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Three of the four major music companies ó Vivendiís Universal Music Group, Sony and Bertelsmannís jointly owned Sony BMG Music Entertainment, and the Warner Music Group ó each quietly negotiated to take small stakes in YouTube as part of video and music-licensing deals they struck shortly before the sale, people involved in the talks said yesterday. The music companies collectively stand to receive as much as $50 million from these arrangements, these people said.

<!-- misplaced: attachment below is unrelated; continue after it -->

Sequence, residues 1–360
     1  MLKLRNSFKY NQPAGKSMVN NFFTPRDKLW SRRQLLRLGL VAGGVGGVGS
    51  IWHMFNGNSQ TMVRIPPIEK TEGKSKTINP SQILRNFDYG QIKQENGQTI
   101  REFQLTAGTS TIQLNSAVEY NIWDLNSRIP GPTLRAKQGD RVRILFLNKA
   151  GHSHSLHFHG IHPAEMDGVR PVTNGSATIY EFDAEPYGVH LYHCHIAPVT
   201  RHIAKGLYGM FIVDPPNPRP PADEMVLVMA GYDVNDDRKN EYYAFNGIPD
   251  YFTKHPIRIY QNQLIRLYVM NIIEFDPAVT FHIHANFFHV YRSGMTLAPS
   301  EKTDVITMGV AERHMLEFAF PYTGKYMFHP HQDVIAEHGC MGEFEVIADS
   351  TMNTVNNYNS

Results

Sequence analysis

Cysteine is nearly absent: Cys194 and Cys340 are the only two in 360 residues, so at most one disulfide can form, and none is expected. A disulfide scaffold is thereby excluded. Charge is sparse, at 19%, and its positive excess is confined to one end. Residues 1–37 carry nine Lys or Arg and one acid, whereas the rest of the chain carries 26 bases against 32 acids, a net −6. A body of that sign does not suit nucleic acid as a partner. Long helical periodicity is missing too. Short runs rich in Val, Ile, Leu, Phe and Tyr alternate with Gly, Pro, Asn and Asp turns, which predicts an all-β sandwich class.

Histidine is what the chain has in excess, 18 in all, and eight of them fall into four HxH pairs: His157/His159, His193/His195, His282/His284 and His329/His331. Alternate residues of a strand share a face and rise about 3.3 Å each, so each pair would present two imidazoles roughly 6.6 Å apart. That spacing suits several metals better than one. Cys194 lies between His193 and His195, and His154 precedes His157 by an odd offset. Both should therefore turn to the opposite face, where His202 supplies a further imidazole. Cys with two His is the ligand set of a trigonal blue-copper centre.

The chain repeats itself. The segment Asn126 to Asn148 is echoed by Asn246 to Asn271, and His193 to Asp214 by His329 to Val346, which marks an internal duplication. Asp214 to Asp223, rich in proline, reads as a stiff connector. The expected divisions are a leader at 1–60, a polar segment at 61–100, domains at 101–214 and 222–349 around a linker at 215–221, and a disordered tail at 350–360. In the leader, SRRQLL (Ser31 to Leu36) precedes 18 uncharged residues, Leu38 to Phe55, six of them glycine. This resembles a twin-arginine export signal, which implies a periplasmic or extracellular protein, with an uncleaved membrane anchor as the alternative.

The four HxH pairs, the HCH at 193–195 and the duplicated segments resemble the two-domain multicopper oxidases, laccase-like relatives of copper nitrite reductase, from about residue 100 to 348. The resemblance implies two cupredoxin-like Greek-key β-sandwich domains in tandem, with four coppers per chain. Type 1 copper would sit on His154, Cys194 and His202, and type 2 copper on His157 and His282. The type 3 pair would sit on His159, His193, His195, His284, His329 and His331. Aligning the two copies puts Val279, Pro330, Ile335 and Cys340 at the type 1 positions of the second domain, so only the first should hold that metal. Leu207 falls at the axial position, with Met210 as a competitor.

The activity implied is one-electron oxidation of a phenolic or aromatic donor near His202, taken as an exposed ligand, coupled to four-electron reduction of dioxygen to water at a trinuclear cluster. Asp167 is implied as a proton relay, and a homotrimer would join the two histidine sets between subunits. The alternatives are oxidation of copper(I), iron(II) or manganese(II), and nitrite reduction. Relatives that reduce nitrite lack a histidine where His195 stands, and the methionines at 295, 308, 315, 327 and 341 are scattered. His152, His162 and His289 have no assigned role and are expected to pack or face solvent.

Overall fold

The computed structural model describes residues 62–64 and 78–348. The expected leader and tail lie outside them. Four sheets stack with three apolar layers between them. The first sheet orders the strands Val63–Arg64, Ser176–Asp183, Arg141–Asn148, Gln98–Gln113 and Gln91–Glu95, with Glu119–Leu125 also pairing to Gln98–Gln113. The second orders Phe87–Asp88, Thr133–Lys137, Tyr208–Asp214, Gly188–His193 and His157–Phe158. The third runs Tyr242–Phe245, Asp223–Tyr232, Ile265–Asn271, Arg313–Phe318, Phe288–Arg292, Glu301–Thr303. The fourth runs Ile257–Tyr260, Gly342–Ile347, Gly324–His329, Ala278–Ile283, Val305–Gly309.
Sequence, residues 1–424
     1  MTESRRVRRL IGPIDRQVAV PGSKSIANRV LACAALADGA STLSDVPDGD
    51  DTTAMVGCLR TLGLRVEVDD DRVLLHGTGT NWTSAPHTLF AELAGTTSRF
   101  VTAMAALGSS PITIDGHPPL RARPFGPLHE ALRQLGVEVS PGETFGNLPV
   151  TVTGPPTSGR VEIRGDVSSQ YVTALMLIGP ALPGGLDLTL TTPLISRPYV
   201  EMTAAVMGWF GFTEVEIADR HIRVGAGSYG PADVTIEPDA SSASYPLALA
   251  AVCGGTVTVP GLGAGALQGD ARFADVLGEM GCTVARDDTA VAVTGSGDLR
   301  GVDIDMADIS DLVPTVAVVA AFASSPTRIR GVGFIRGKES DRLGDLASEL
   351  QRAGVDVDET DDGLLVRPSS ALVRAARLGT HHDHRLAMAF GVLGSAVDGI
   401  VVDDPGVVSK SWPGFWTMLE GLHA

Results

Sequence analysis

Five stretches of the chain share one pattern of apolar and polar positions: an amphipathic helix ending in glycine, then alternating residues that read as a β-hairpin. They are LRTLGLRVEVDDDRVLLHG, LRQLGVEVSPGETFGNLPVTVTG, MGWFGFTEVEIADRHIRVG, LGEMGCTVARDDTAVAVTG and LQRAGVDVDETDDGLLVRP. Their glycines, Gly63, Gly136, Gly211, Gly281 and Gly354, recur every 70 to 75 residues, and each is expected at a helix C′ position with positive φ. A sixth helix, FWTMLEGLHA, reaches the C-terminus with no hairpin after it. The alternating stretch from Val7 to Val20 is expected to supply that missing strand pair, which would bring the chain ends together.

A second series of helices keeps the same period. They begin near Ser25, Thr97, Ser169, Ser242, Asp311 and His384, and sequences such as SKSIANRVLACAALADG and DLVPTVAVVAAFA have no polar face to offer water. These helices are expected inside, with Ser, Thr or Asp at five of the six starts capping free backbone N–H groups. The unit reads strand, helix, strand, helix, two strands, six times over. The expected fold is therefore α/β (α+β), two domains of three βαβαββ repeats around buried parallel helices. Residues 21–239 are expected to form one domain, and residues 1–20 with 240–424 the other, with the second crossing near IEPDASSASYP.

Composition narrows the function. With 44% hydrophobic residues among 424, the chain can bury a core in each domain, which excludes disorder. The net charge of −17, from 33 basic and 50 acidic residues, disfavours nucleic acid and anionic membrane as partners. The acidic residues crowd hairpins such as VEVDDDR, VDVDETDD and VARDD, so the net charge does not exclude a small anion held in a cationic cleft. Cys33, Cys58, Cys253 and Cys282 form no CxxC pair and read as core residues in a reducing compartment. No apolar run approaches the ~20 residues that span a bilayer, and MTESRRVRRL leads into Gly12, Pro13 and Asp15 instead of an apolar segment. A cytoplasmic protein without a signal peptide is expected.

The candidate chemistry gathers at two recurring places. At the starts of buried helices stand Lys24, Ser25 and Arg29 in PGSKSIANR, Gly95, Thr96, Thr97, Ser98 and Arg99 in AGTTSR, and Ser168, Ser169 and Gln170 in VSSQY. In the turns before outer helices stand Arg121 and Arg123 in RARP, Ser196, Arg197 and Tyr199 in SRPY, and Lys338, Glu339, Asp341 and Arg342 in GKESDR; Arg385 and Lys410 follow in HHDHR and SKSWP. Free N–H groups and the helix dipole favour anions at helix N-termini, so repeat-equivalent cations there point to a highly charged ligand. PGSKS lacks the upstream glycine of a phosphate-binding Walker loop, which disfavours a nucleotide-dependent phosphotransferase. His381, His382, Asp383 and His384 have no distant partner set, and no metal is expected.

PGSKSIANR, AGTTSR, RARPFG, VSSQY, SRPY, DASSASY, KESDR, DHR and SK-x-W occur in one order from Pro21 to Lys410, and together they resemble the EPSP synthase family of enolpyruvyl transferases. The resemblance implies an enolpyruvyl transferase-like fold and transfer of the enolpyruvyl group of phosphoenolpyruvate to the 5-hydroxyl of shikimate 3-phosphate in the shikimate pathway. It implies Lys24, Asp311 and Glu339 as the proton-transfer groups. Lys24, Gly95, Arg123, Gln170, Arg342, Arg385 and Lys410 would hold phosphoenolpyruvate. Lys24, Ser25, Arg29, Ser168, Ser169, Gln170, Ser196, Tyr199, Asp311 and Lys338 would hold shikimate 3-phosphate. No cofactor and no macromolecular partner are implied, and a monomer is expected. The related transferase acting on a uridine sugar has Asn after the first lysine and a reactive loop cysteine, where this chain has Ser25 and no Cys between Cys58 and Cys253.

Full Article [nytimes.com]
It seems a little shady to me given that it's only the big labels that got a slice of the action. I guess the others can be paid off easily, but I'm not sure how I feel about that.
However if this proves to be a litigation-busting move then it will certainly shut up the critics.
Record companies have benefited from investments in online companies before. In 1999, EMI made $40 million literally overnight by selling part of its stake in Musicmaker.com during its first trading day. That sum dwarfed the companyís earnings from American CD sales for the entire first half of that year.
At first I though 25 million was peanuts as well. But if $40 million "dwarfs" earnings from American CD sales then maybe $25 million is a fair shake?
Also the article mentions revunue sharing from ads.
Where the hell does all the money go to for a $17 CD?